I finished with 4:48:29, about 7 minutes slower than two years earlier when I last did the race. Can't really complain about that. It was good enough to net second podium spot for the 55+ age group. My nemesis Stephen Wright showed up this year and claimed the top step, about 4 minutes faster. Could I have not back off quite as much when the cramping started and not given up those 4 minutes? I don't know. I have had experiences where that approach went spectacularly badly. Either way, a good clean race, and I didn't feel the heat was overly oppressive.

2nd place finisher's size Vermont maple syrup
I was curious to see Strava had me tied for eight place in the finishing descent out of over 700 over the years. How can this be, for a timid descender? Tied with Mike Barton, multi-time overall winner here?! I knew I finished strong, but dang. Must've taken some risk there. Have to chalk it up to riding the sofa bike. So many ride hardtails and short-travel dualies on this course. Others are probably tired too, and I don't think I'm ever fatigued finishing this race.  Cramping prevents me from getting tired. Ironic. The Santa Cruz Tallboy LTc is surely overkill, but it lays waste to anything going down, even for cautious me.

Post race, I got my first massage ever! Yeah, short massages are offered to racers free. I signed up, nobody was waiting, and I had two ladies working on me, uh-huh. My hamstrings were pretty sensitive so they kind of backed off there when I think I could have used the most work there. The shoulder/upper body massage sure felt great though!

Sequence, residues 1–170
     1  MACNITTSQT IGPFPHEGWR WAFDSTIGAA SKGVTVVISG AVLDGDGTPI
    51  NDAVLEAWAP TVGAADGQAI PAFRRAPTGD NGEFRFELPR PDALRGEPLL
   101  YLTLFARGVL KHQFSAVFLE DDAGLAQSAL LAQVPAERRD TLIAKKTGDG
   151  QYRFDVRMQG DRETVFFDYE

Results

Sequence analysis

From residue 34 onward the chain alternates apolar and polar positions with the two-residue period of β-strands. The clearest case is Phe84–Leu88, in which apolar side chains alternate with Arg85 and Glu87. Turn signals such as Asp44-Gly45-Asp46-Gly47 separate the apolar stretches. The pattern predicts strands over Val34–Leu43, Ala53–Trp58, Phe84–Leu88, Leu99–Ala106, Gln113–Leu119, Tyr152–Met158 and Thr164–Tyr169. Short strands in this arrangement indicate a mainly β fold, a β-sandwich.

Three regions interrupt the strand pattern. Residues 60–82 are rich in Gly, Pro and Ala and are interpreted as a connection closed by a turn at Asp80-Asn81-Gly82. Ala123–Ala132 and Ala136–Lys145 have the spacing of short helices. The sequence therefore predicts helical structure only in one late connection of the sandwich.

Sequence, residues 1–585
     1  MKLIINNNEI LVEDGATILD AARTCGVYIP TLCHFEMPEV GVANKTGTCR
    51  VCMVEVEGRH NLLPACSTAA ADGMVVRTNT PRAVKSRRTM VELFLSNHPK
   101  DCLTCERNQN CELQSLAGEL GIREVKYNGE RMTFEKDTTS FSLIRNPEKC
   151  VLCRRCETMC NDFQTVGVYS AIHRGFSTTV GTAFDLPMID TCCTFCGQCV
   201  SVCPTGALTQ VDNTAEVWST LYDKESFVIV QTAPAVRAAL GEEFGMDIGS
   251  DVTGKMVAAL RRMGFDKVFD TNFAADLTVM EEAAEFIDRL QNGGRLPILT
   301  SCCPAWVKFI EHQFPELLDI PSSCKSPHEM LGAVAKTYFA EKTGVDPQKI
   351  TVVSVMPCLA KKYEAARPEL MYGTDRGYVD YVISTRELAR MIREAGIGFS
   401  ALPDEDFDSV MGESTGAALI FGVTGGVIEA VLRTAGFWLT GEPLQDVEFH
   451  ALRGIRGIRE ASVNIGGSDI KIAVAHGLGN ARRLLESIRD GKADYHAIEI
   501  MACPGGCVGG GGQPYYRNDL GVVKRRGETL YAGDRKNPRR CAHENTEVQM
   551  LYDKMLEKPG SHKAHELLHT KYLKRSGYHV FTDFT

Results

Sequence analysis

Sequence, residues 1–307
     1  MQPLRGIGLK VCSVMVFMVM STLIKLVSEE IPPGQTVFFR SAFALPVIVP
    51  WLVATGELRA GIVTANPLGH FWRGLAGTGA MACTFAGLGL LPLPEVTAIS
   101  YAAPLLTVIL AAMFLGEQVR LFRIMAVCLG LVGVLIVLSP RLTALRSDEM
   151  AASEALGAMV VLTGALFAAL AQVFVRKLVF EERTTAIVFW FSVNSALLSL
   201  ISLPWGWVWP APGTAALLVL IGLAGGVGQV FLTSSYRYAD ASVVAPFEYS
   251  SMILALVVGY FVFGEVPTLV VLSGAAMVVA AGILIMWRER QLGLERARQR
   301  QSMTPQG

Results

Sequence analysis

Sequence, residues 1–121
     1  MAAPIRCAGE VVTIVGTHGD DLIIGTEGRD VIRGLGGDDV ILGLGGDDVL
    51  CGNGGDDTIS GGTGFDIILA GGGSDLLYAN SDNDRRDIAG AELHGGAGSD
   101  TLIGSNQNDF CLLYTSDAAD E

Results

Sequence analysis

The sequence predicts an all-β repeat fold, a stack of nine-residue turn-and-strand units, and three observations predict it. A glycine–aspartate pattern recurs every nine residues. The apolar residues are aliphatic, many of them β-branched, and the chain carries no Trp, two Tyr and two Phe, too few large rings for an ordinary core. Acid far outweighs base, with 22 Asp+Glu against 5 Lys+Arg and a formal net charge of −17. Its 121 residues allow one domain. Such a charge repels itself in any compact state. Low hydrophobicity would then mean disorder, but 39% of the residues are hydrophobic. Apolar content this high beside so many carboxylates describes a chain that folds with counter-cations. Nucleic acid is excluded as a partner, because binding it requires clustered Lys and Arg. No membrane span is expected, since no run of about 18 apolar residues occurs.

Mighty fine but roasting hot day in late September
I thought it would be interesting to plot out my eight finishing times since 2000. In eight races, I have not flatted or had a mechanical here. Pretty amazing really, 400 miles and about 65,000ft of descending and no flats. I've had no serious crashes either. My slowest times were when I was younger and racing a 26" steep geometry hardtail. 2009 was the year with Biblical proportion rain fall, so can't pay too much attention to that outlier. I was probably the most fit that year, winning the BUMPS hillclimb challenge. The 29" hardtail brought a new PR in 2013, my first sub-5hr finish. But my fastests times came when I switched over to my behemoth Tallboy, weighing 4 pounds more than my hardtail. It's more relaxed geometry made the descents so much more fast and fun that it made up for the excess weight to haul up 8000+ feet of climbing. Regardless, it's still nice to see I can post times faster than almost 20 years ago and two age groups younger on this course. When May 25 rolls around next year, I'll probably forgot how much the cramping hurts and register again.

Expert 55+ Podium, David Boyce 3rd, Stephen Wright 1st and myself 2nd. Photo by Lara Gibson.

Monday, September 11, 2017

CO Day 9: Phil's World in the desert, avoiding high country lightning

Had planned to ride Indian Ridge up around 12,000ft today. I attempted this a few years ago when I got caught up there in an intense lightning storm. Most scared I've ever been in my life. I never made it to the part called Indian Ridge, a highly scenic, exposed section of the Colorado Trail.